Elvis Costello, who is widely regarded as the most important singer-songwriter to come out of the English new wave, finally has his very first American hit. "Everyday I Write the Book," from his ninth album, Punch the Clock, is No. 48 on Billboard's Hot 100 and climbing. The song, which plays off the Monotones' 1958 doo-wop hit "Book of Love," is an irresistible compendium of allusive pop hooks and verbal sharpshooting.
"Everyday I Write the Book," like the rest of Punch the Clock, probably represents the frothiest, most accessible pop music Mr. Costello has ever recorded. Yet his album, which follows Imperial Bedroom, his brooding conceptual masterwork about sexual warfare, has received only a mixed critical reception. "We deliberately went in to make a record that the critics hated but that sold lots," Mr. Costello said — half-jokingly — over the phone the other day from Colorado, where he and his band, the Attractions, were performing. "The title Punch the Clock has the double meaning of working and of stopping time," Mr. Costello said. "'Everyday I Write the Book' was modeled after Marvin Gaye]]'s 'Let's Get It On,' with a guitar lick derived from his 'Sexual Healing.'"
If Punch the Clock lacks the grand organizational unity of Mr. Costello's last album, almost every cut on the record offers surprising textural contrasts that sound commercial but not cliched. The album's rich musical vocabulary embraces several 1960's soul styles, late Beatles psychedelia and cool jazz, among many other idioms — compacting and juxtaposing these allusions with a dazzling sleight of hand.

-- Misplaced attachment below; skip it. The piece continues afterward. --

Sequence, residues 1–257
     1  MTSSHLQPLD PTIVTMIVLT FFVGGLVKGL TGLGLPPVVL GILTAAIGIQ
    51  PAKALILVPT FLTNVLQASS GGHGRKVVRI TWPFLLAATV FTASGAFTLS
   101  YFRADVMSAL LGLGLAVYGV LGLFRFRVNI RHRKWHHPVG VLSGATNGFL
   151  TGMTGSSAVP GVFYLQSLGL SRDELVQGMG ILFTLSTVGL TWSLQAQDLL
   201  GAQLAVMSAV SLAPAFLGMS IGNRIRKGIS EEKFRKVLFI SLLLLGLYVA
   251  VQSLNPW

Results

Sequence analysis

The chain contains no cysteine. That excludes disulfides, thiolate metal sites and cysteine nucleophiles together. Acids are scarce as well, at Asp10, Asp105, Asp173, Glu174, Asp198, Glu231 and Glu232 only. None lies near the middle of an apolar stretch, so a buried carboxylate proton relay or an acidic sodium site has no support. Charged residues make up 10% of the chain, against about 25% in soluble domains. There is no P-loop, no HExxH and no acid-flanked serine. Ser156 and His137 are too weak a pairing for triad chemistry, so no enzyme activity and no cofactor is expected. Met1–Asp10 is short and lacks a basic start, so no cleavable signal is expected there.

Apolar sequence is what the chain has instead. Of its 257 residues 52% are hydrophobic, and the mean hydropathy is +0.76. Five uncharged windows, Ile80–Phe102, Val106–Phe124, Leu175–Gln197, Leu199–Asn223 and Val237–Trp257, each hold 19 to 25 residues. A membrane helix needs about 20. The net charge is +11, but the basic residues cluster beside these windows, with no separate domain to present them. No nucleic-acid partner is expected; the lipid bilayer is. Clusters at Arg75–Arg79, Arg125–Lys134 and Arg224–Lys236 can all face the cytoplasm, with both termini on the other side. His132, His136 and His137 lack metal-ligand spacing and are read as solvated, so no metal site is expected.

The album's centerpiece is the pop-jazz ballad "Shipbuilding," for which Mr. Costello wrote lyrics to a melody by his producer, Clive Langer. A meditation on the effects of the Falkland Islands crisis on an English seacoast village, the song paints a poignant picture of people anticipating war with a guilty excitement.
In the six years since his arrival on the pop scene, Elvis Costello has metamorphosed from an angry post-punk rebel, spitting venom in angry, stripped-down songs with frenetic tinny arrangements, into a pop composer and singer for whom "warmth" and "sincerity" are the most cherishable pop values.
"It's easy to bluster," Mr. Costello scoffed. "It's not so easy to do something quietly, from the heart."